Soraya Lane sold to Harlequin after I did. Somehow, though, she managed to not only write as many HQ titles as I have, but squeeze in some indie titles as well (including her critically-acclaimed Montana Series) and recently signed a multi-book deal with another publisher. Oh, and yeah, and she had two children. She’s the woman I look at when I start whining that I don’t have enough time to get everything done. (Interestingly, she doesn’t think she’s as productive as she used to be.) If she weren’t so nice, I’d be very jealous of her accomplishments.
Since balancing family and career is an issue many writers deal with – especially women writers – I thought I’d ask her how she manages to be as productive as she is. Personally, I think part of the reason is because she’s from New Zealand. I don’t know what it is, but writers from that part of the world (Australia, New Zealand) are incredibly productive and intelligent. Seriously, at least half my writing idols are from that area.
Anyway, here’s what Soraya had to say:
So here goes…
1. How do you structure your writing day? Do you set a daily word count? Page count? Work hours?
Right now, I’m just writing whenever I get a spare hour! I have an 8 week old baby plus a 3 yr old son, so it’s hard to structure my day, but I will go back to some kind of routine very soon once toddler boy starts pre-school 3 mornings a week. I’m very lucky that I have a fantastic mum, and she helps me for a few hours every day during the week so I can write. This year I can finally give up my “day job” as a freelance journalist and editor (last year I went from full time to part time, a job I’ve always been able to do from home), and that will mean I can write more books as well as being the full time mum that I like being.
In general, I prefer to settle down and write for at least an hour at a time, and when I’m uninterrupted I write quite fast. (Editor’s note: I am so jealous of this.) When I’m working on a manuscript, I always write at least 1k a day, and I usually aim for more. If I have a few solid hours, or an entire afternoon to myself, I’ll often try to have a bumper day of 3-5k words, which helps to boost my word count for the week! I also find that “sprinting” with a writing buddy helps, and I do this regularly with the fabulous Yvonne Lindsay – we “race” for an hour and then text each other our word count, and it helps to just know that someone else is writing at the same time as I am.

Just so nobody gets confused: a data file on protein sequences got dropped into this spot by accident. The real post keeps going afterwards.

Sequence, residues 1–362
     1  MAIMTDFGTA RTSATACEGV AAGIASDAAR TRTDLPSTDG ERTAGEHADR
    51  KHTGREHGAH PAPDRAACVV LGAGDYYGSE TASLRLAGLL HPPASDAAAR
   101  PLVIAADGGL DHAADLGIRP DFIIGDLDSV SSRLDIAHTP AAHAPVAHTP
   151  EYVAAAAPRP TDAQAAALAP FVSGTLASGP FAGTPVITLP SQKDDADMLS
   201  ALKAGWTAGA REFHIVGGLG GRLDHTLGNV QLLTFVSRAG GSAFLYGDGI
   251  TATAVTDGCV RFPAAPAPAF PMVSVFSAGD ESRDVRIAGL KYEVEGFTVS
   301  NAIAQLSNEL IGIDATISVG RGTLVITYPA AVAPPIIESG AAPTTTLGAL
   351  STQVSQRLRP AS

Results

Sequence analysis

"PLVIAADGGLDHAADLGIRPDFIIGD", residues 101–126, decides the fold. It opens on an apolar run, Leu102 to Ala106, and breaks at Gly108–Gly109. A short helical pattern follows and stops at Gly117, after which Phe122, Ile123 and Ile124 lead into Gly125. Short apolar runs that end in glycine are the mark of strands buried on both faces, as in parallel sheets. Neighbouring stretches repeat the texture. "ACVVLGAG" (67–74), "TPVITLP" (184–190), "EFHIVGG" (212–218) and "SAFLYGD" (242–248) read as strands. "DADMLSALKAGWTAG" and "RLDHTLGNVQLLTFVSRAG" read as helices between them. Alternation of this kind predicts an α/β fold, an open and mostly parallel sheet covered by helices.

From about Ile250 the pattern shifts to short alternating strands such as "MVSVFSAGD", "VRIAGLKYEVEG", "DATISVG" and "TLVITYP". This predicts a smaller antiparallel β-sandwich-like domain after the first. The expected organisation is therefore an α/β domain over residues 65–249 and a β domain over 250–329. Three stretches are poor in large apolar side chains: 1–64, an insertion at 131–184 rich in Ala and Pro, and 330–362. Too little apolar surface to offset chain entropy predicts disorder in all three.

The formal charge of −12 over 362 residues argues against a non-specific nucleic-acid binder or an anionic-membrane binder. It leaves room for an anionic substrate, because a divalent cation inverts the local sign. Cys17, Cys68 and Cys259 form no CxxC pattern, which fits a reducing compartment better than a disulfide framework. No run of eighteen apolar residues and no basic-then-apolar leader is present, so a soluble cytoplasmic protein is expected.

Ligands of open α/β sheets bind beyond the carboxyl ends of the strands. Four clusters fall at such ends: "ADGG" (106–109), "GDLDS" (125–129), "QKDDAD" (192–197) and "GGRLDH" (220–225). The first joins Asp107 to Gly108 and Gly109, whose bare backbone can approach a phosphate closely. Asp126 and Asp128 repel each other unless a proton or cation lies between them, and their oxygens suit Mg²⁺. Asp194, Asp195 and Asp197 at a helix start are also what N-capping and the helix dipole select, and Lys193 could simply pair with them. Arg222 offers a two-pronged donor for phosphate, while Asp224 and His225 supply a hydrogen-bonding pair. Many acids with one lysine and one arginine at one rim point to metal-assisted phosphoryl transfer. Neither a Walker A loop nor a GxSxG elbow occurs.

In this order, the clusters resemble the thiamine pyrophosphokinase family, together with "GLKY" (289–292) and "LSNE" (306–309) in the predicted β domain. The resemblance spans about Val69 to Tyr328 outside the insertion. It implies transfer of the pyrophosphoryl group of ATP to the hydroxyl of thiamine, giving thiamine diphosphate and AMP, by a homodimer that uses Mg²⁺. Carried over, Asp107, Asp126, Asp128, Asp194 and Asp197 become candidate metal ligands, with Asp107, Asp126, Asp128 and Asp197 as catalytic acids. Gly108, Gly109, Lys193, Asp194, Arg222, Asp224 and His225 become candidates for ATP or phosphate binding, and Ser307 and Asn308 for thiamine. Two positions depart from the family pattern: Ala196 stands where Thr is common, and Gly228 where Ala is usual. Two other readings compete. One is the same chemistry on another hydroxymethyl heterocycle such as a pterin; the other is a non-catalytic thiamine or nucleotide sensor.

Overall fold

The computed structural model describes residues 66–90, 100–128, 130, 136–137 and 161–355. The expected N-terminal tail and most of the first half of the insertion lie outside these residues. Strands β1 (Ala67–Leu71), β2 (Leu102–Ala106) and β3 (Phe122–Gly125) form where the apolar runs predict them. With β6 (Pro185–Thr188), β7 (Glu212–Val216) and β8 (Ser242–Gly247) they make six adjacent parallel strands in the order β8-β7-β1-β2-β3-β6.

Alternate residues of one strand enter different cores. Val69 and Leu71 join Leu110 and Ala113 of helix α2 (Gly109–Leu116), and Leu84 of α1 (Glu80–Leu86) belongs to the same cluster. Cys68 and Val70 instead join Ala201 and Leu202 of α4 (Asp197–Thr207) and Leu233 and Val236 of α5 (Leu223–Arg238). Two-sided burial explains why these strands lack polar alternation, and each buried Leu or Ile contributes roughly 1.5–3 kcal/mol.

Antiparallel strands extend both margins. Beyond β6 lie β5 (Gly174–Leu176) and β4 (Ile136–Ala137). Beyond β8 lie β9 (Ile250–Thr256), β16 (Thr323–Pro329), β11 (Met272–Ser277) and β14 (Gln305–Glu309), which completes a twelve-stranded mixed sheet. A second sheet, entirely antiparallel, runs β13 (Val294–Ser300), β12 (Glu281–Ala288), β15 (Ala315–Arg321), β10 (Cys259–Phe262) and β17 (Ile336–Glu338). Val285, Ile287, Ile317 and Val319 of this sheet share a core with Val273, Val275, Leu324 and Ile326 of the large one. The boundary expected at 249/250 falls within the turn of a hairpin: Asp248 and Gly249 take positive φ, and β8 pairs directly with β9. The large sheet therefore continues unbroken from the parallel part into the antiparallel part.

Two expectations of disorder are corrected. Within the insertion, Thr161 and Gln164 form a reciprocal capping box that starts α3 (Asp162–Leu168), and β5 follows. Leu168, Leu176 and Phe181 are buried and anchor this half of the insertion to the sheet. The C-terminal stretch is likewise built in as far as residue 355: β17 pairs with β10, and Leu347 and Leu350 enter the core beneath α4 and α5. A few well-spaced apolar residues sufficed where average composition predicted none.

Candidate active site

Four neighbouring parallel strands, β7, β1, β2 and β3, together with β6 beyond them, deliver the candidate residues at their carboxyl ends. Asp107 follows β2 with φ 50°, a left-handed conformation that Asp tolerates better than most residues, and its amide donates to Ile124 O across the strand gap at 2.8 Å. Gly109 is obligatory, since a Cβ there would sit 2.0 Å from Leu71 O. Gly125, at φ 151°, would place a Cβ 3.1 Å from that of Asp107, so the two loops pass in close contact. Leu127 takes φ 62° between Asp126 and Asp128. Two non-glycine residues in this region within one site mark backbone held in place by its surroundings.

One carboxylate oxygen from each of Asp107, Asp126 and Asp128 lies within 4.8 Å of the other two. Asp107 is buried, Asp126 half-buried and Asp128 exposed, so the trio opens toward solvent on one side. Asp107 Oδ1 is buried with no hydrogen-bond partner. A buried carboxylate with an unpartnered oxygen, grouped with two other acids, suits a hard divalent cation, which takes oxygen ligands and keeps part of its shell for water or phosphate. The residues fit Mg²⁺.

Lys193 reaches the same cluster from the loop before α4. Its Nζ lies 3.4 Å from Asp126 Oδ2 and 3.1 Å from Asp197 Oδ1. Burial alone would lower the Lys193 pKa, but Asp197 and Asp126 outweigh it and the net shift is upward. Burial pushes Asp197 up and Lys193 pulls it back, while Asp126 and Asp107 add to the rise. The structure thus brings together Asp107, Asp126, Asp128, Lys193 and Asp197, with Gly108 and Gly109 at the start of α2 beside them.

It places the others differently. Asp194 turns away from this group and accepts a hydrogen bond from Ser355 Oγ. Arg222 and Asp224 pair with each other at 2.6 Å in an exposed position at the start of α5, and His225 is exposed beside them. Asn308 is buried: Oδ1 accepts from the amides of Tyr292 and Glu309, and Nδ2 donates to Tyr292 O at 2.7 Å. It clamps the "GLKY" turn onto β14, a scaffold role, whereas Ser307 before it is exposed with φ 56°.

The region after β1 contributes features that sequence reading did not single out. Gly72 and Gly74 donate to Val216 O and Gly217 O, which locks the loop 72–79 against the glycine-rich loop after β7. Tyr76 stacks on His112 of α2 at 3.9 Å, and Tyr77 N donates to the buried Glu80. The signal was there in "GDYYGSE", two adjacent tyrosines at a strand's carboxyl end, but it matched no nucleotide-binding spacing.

2. How do you balance writing with the business of writing- that is, the promotion, the proposals, the social media, etc.
I definitely approach my writing as a business, and I need to – my writing helps to pay our mortgage, bills and soon schoolfees too! I do some promo for my self published books, but I honestly don’t feel that blog tours etc are worth the huge time drain. Writing content for blogs is time better spent writing books, and I don’t see any impact on sales whether I blog etc or not. The only social media I do is for my own personal enjoyment – I enjoy popping on to Twitter and connecting briefly with other authors when I can, but I just don’t have time to be part of forums/groups/blogs etc. I miss connecting with other authors regularly in yahoo groups etc, but I just don’t have time. Once both my kids are in school I’ll definitely spend more time doing that though!